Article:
CitationSherman, Athena D. F.; Clark, Kristen D.; Robinson, Kelley; Noorani, Tara; & Poteat, Tonia (2020). Trans* Community Connection, Health, and Wellbeing: A Systematic Review. LGBT Health, 7(1), 1-14.
AbstractPurpose: Transgender and nonbinary (trans*) people are affected disproportionately by discrimination and violence, contributing to gender minority stress and negative health effects. Transgender community connection (TCC), defined as (i) emotional connectedness (internal sense of belonging) to the trans* community and/or (ii) behavioral participation in the trans* community (observable interaction with other trans* people, in person, online, or through media) may moderate these negative effects on health. This systematic review synthesizes research on links between TCC and health and wellbeing for trans* people. Methods: Twenty research articles (3 quantitative, 3 mixed methods, and 14 qualitative) linking TCC to health and wellbeing were identified from systematic searches of PubMed, CINAHL, and PsycINFO. Data regarding TCC were extracted, synthesized, and grouped by (i) gender transitioning, (ii) mental health, (iii) sexual health, and (iv) access to care to illustrate the findings. Results: TCC was linked to several positive outcomes, including improved mental health, increased connection to care, supported exploration of sexual and gender identities, and informed gender transition. For transgender women, especially, TCC was also linked to increased engagement in sex work (as a worker, not a client) and, in some cases, deterred them from getting sexual health testing and treatment due to fear of being observed at specialized clinics and subsequent loss of confidentiality among peers. Conclusion: These findings highlight the overall protective nature of TCC and a need to consider best practices to ensure confidentiality for community members. The findings can be used to inform the development and adaptation of health care interventions aimed at decreasing the harmful effects of gender minority stress for trans* people.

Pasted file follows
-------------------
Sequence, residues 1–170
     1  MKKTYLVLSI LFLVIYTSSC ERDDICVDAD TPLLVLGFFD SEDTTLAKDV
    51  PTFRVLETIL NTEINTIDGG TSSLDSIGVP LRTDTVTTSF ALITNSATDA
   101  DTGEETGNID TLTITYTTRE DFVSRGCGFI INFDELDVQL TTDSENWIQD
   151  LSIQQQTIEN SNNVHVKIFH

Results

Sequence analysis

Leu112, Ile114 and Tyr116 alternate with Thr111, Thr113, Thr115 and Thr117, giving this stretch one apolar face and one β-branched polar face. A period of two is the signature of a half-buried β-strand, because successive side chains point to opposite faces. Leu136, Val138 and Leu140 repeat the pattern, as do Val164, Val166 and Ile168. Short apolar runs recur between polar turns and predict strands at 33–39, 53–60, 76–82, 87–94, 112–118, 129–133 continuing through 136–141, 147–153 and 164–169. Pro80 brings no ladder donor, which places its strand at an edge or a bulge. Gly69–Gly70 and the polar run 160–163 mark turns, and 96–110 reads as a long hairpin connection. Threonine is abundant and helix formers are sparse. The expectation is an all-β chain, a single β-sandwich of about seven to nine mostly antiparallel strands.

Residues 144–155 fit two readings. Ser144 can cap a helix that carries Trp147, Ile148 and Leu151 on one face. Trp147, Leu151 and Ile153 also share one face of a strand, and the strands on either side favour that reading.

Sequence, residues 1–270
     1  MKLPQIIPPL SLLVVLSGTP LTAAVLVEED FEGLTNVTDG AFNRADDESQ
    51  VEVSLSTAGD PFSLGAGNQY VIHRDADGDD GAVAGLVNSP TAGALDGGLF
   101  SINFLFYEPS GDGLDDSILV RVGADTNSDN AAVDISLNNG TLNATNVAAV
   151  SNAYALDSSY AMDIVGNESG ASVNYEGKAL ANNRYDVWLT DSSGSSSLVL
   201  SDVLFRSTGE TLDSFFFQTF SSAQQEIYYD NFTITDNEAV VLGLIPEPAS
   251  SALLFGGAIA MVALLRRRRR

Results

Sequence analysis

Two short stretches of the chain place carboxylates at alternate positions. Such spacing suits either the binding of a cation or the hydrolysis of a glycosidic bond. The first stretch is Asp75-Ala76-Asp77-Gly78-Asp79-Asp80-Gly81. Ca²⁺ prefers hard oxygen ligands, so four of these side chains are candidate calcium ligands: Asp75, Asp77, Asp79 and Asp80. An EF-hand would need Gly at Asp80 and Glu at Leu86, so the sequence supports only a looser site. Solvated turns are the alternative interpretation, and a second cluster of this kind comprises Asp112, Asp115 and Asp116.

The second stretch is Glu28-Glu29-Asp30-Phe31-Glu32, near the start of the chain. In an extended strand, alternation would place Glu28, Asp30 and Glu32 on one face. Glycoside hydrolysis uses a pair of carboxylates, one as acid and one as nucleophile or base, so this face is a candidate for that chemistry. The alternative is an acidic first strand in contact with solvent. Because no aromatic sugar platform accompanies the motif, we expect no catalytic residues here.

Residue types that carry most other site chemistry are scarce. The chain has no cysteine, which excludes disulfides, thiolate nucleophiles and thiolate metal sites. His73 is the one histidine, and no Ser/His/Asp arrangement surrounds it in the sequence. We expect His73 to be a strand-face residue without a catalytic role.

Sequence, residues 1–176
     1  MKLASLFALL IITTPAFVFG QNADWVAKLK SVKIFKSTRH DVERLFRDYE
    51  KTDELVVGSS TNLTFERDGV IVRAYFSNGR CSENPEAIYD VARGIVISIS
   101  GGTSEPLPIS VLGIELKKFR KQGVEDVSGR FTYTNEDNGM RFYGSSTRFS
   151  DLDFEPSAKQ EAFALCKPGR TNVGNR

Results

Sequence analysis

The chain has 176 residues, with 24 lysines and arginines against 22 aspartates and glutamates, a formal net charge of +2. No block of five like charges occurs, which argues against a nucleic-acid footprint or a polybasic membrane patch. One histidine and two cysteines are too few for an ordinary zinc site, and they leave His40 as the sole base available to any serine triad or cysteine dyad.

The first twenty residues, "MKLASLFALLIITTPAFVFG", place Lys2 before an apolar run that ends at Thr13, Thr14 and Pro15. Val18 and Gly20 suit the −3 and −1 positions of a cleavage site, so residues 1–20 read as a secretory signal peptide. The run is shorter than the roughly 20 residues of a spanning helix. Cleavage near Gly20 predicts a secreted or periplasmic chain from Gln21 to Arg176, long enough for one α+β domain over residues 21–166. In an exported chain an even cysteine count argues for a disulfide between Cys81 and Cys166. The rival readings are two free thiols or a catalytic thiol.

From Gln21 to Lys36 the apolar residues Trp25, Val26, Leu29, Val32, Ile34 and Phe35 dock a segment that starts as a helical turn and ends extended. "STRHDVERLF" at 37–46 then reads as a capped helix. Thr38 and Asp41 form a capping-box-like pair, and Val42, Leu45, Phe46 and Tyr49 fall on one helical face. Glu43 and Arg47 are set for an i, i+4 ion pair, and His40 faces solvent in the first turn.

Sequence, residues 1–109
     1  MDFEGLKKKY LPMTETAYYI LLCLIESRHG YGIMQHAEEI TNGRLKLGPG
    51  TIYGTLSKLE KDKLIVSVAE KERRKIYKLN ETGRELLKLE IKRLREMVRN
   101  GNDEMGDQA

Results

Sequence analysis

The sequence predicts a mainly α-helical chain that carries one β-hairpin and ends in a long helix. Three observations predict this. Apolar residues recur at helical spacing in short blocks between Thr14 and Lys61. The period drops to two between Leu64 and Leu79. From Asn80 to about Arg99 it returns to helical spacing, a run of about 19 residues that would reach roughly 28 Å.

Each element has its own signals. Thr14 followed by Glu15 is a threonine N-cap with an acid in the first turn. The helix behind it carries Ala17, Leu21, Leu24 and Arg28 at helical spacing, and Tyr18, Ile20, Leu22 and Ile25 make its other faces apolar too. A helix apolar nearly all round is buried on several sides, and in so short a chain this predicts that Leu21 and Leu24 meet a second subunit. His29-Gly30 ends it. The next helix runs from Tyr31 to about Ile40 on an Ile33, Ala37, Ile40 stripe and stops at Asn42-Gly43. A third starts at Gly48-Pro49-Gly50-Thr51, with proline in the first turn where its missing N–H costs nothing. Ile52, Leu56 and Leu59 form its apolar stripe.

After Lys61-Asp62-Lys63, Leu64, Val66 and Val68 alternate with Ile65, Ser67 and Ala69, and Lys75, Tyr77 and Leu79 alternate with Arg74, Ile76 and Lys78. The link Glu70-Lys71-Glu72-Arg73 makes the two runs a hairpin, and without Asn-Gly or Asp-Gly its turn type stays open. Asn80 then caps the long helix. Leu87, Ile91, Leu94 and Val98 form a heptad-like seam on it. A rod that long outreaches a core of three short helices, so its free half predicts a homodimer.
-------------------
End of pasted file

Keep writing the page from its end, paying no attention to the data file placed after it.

Reference TypeJournal Article
Journal TitleLGBT Health
Author(s)Sherman, Athena D. F.
Clark, Kristen D.